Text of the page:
Albany Civil Rights Institute

As many of you know, I used to teach American History when I lived in Pennsylvania, so one of the draws for me in moving to Georgia was the opportunity to explore history and see where “it” happened. One of my, ummmm, I don’t want to call it “favorite” but one of the periods that I most enjoyed exploring with my students was the Civil Rights Movement.

So many of my students believed the Civil Rights Movement began and ended with Martin Luther King, Jr. Some knew about Rosa Parks and a few had heard of Malcolm X {but only in the most negative terms}. To say this broke my heart would be an understatement. They didn’t understand the legacy of the beautiful spirituals that the old church mothers used to hum from the front pew of the church. Many had never heard the story of Emmett Till and how his mother forced the world to see the brutality of institutionalized racism. They didn’t know that it was his death that gave birth to the modern Civil Rights Movement.

Albany Civil Rights Institute {Living Outside the Stacks} #VisitAlbany

On Saturday morning, The Hubs and I went to the Albany Civil Rights Institute in Albany, Georgia. The experience was overwhelming to say the least. First we watched a video that gave an overview of the Albany Movement, the name of the Civil Rights Movement in Albany. The Albany Movement began in the fall of 1961 and ended in the summer of 1962. The goal of the Albany Movement was the desegregation of the an entire community. From the beginning of the movement through the end, over 1000 African Americans were arrested. Can you imagine? For more information, click here.

Albany Civil Rights Museum {Living Outside the Stacks} #VisitAlbany

Albany Civil Rights Museum {Living Outside the Stacks} #VisitAlbany

Albany Civil Rights Museum {Living Outside the Stacks} #VisitAlbany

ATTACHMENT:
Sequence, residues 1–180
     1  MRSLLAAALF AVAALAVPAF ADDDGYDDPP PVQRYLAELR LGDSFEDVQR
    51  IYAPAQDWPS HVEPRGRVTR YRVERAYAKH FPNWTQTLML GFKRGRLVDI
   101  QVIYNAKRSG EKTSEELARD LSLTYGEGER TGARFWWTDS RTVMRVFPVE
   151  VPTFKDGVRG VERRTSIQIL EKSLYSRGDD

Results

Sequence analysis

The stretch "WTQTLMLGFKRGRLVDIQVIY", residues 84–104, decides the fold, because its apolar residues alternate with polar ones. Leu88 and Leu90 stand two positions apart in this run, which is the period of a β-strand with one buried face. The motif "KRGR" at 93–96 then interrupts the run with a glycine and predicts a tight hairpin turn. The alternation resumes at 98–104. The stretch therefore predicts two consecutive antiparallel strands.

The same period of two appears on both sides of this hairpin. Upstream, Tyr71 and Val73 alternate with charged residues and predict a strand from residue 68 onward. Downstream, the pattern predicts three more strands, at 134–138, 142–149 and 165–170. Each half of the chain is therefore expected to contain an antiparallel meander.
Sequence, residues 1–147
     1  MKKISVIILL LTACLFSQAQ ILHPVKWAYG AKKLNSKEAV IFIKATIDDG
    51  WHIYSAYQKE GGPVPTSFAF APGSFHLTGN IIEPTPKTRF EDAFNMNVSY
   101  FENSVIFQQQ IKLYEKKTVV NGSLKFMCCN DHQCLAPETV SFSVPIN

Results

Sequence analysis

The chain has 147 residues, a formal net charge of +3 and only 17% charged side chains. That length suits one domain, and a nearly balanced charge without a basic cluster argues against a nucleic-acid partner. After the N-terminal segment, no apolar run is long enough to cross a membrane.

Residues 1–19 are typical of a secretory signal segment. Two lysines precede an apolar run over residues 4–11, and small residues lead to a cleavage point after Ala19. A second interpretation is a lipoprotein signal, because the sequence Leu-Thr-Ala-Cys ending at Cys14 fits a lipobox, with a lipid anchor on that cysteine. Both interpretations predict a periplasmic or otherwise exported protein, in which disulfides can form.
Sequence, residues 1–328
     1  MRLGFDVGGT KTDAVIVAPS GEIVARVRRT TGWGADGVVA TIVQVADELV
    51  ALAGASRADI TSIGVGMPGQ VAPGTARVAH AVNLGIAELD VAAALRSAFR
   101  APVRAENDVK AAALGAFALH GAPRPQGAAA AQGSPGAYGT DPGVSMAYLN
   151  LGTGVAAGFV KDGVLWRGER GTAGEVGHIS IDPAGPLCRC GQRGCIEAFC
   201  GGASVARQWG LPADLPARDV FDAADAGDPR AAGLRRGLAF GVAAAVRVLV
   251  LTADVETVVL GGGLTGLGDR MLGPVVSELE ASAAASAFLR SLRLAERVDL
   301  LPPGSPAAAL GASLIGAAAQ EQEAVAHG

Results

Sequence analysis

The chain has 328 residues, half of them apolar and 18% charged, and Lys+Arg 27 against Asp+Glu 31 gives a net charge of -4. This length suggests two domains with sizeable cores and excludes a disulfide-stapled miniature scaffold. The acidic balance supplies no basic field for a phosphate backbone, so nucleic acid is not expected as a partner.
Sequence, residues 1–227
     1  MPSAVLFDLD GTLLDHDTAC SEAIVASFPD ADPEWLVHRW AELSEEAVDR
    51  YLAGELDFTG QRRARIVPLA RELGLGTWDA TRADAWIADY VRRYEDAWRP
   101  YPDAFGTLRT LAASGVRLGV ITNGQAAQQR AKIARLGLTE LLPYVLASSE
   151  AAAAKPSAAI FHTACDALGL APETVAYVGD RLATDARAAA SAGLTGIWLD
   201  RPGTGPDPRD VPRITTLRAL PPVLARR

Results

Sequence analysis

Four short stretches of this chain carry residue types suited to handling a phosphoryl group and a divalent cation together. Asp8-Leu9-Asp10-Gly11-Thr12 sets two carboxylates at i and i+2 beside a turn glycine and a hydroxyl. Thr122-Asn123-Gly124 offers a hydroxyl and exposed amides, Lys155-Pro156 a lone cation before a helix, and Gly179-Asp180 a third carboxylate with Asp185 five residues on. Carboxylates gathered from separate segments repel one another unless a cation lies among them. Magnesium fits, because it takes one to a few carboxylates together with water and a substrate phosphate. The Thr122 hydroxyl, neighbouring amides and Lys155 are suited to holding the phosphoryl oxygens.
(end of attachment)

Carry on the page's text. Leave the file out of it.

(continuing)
This is Old Mount Zion Baptist Church, if the name sounds familiar, it’s because this is where Dr. Martin Luther King, Jr. and four major Civil Rights Organizations – Southern Christian Leadership Council {SCLC}, Student Nonviolent Coordinating Committee (SNCC), Congress of Racial Equality (CORE), and the National Association for the Advancement of Colored People (NAACP) –  met to organize. You can read more about Old Mount Zion here.

Albany Civil Rights Museum {Living Outside the Stacks} #VisitAlbany

One of the original stained windows on the church

Albany Civil Rights Museum {Living Outside the Stacks} #VisitAlbany
Albany Civil Rights Museum {Living Outside the Stacks} #VisitAlbany

Albany Civil Rights Museum {Living Outside the Stacks} #VisitAlbany
Markers telling the story of the Albany Movement, placed in the sidewalk in front of Old Mount Zion.

I wonder how many people have taken the time to stop and read these markers?

Albany Civil Rights Museum {Living Outside the Stacks} #VisitAlbany

Cornerstone on the side of the church.

As we toured the museum and then walked through Old Mount Zion, I couldn’t help but to think of the sacrifices of those who came before me. I thought about the tears they shed, the frustration they felt, they fear that must’ve been a part of their day-to-day lives… As I placed my hand on the pews where they sat and stared at the stage where they stood, all I could do was whisper “Thank you”.

Forever Grateful,

Daenel T {Living Outside the Stacks}

 

 

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Note: to protect the intellectual property of the Institute, photography of any sort is not allowed.

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